The header file first includes the coefficient vectors. The last four values in the file names are fraction, passband end relative to sample rate x1000, and stop band start relative to sample rate x1000. Many of the conversions are reused for other rates combinations with the same fractions.

The vectors src_in_fs and src_out_fs list supported input and output rates. The arrays of structs src_table1 and src_table2 refer to the FIR filters coefficients used for the rates matrix. A special single tap FIR with a coefficient of 1.0 (Q2.30) is used when filtering is not needed such as when the input and output rates are equal or if a SRC stage is not used.

Coefficient precision

The coefficients can be generated as int16, int24, int32, or float type. The type is the 3rd argument for the src_2stage (in_rates, out_rates, ctype) function call. It defaults to ‘int16’, which is the least memory-consuming type that provides the minimum quality. The 16-bit coefficients may achieve near up to a 80-90 dB stopband that will give a “near CD quality” conversion. The int32 and float type are capable of providing “CD quality” and better with a higher filter spec that is explained later.

The capabilities and qualities of the SRC component to use depends on whether you are building a “tiny” int16 or “std” int32 coefficient set. The testbench and FW build with the xtensa compiler defaults to 32 bit coefficients. The gcc build for firmware uses 16 bit coefficients. The scripts used to generate them are src_tiny_int16.m and src_std_int32.m. These scripts are the easist to use as a starting point for creating a custom SRC configuration.

Exclusion of non-needed conversions

If in the previous example there would be no need to convert from 32 to 44.1 kHz, add a matrix with zero in the place of the non-wanted conversion. This will help save memory that is needed to store the conversion coefficients.

>> src_generate([32e3 44.1e3 48e3],[44.1e3 48e3],[0 1; 1 1; 1 1])

In the script output, the removed conversion is marked with an ‘x’ and corresponding filters are not calculated.

Adjustment of SRC filter specification

The default conversions are tuned with the stopband specification to provide min -80 dBFs THD+N performance. The requested stop-band attenuation has been chosen such that the THD+N criteria is met in the worst-case modes.

The bandwidth is about 20 kHz for 44.1 kHz and 48 kHz sample rates. The bandwidth is scaled to correspond to the minimum sample rate of the conversion. However, for rates higher than 88.1 kHz, the bandwidth is kept as about 30 kHz to provide a measurable band extension but not stretch it near Nyquist Fs/2 as for lower sample rates.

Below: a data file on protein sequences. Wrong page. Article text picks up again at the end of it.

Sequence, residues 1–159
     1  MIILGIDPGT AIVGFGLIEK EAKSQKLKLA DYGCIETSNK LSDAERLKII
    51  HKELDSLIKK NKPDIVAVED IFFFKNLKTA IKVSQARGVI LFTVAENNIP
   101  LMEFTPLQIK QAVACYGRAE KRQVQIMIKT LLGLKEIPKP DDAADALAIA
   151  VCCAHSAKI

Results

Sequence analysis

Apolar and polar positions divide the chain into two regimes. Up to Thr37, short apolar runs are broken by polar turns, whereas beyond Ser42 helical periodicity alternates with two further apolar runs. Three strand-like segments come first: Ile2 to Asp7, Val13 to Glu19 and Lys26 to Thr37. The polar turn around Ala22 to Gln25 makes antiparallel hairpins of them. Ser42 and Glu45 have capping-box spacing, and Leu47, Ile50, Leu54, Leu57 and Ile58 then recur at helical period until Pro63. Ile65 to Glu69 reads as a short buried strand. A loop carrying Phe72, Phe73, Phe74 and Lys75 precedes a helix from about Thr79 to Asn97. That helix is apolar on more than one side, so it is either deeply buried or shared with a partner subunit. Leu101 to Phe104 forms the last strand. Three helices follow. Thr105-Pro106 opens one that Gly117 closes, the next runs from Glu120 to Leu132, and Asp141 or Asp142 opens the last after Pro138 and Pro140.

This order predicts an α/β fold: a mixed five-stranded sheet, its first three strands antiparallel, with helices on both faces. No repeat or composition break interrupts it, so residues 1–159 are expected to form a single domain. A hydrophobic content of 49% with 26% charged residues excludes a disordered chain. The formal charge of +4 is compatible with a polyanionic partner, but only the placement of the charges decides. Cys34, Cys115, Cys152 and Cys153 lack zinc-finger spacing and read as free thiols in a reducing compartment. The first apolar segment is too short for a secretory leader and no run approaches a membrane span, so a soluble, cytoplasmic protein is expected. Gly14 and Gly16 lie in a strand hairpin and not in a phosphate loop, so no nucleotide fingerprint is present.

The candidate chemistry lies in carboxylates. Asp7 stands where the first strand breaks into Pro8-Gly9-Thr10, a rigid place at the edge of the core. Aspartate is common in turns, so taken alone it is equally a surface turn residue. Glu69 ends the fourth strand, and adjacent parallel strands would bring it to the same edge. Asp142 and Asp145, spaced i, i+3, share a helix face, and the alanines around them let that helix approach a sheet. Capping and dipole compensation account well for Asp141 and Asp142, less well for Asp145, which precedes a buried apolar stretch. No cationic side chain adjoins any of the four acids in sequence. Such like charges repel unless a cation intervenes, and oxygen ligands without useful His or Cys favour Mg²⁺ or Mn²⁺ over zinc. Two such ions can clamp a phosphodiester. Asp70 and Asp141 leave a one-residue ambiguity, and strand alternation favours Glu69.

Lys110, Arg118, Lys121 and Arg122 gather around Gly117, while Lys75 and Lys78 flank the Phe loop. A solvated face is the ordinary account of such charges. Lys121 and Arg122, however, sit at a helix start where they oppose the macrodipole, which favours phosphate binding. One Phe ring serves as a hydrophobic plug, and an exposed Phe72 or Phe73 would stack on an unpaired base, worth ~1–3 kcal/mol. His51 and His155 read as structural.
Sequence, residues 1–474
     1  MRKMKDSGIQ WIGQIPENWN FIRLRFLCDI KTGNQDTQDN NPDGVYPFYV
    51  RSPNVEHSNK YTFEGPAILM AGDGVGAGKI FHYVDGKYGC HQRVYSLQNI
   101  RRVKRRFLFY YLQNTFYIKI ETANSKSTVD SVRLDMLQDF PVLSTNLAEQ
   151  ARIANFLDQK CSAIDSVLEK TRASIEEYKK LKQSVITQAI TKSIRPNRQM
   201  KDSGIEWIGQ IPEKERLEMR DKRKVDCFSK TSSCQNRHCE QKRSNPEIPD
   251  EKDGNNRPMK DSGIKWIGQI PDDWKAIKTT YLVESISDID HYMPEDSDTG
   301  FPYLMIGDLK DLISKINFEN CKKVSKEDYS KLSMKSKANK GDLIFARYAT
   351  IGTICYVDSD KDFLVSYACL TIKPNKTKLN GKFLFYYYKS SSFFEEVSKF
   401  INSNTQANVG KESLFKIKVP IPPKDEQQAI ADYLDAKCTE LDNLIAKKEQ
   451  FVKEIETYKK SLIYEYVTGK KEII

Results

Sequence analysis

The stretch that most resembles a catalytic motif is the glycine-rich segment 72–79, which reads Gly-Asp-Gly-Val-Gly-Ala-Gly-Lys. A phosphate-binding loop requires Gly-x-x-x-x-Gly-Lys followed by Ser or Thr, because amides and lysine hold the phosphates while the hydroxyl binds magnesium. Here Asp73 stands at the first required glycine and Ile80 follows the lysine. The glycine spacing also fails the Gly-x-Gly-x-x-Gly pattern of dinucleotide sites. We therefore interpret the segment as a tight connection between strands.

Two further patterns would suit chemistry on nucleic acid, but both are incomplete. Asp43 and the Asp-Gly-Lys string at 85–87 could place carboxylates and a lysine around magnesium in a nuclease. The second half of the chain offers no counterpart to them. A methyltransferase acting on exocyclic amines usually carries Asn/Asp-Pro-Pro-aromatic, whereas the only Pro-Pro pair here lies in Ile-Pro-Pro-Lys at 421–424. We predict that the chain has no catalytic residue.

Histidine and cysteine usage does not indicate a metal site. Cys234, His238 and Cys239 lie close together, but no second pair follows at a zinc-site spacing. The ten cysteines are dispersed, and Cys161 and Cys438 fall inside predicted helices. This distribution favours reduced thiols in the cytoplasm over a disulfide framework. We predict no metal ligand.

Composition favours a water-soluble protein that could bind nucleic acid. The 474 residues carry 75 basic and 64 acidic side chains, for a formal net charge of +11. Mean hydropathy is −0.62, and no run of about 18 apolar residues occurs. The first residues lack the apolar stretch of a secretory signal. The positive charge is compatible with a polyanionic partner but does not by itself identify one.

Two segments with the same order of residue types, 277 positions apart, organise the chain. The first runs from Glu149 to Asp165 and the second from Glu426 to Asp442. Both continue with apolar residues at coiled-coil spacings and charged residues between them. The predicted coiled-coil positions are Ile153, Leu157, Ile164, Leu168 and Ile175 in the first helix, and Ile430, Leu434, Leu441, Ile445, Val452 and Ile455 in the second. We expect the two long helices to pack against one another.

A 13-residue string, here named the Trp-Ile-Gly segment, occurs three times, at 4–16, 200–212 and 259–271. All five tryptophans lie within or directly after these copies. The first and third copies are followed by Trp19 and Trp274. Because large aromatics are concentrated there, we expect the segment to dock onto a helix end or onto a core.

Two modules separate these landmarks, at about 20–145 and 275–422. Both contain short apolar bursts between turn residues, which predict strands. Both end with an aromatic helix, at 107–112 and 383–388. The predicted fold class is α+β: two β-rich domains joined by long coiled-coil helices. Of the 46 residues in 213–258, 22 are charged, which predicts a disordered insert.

The transition band starts at the filter pass-band bandwidth and ends at the stop-band start. It is, as an example, from 20 kHz to Nyquist rate Fs/2. The transition band is a don’t care region for filter-design but, with the used filter design method, it connects the end of the pass-band to the start of the stop-band with a near constant dB/log frequency line them.

These are defined in the Octave function src_param.m in the fields of returned struct cnv. The ratio of pass-band bandwidth to min. sample rate is defined in c_pb. The ratio of stop-band frequency to min. sample rate is defined in c_sb. Stopband attenuation is rs. Passband ripple is rp. The ripple is doubled for conversions that use both stages, so this should be the desired value divided by two.

The end of the script defines exceptions for a high sample rate to reduce complexity. Note that the use of exceptions for pass-band width may create unnecessary duplicates of conversions. If the c_pb and c_sb are unmodified then the conversions like 1/2x or 2x get maximal reuse.

Note that parameters other than c_pb and c_sb can’t be used in exceptions without hazard (e.g. stopband). The other parameters need to be kept the same for all conversions. As seen from the coefficient include file names, the individual filters are differentiated only by their conversion fraction and these bandwidths:

%% Default SRC quality
cnv.c_pb = q * 20/44.1; % Gives 20 kHz BW @ 44.1 kHz
cnv.c_sb = 0.5; % Start stopband at Fs/2 = 70; % Stopband attenuation in dB
cnv.rp = 0.1; % Passband ripple in dB
cnv.rp_tot = 0.1; % Max +/- passband ripple allowed, used in test script only
cnv.gain = -1; % Gain in decibels at 0 Hz

The next plots show the difference between the firpm and the kaiser SRC filter characteristic. In equiripple, the passband and stopband are just at the allowed limit across the pass and stopband. Equiripple design is selected with the option set to ‘firpm’. However, in Octave it fails in many conversions due to an apparent bug in the remez() function. In Matlab, the function firpm() is used and it can be used for up to about 2000 order filters.

The set to ‘kaiser’ is a robust choice for all conversions but results to somewhat longer filters due to stopband and passband shape. The stopband attenuation increases towards higher frequencies so the specified “rs” can be lower for this filter type for firmpm. Utilizing full allowed passband ripple may be possible but it could not be achieved in this version. As seen below, the ripple is much less than specified maximum:


Figure 119 Equiripple SRC filter characteristic


Figure 120 Kaiser SRC filter characteristic

Test the SRC component

Build the testbench executable

The FW component for SRC can be compiled to a desktop Linux executable with test bench C sources in the tools/testbench directory. It is built from the top level SOF tree with the command:


The executable can be run with commands to see the command line parameters help:

cd tools/testbench/build_testbench
./testbench -h

The executable can be debugged with any C debugger/IDE tool and any code analysis tool such as valgrind and gprof. Some tips for debugging are:

  • In interactive debugging, it can be useful to remove the default -O2 optimization in order to get linear stepping of code lines and accurate breakpoints.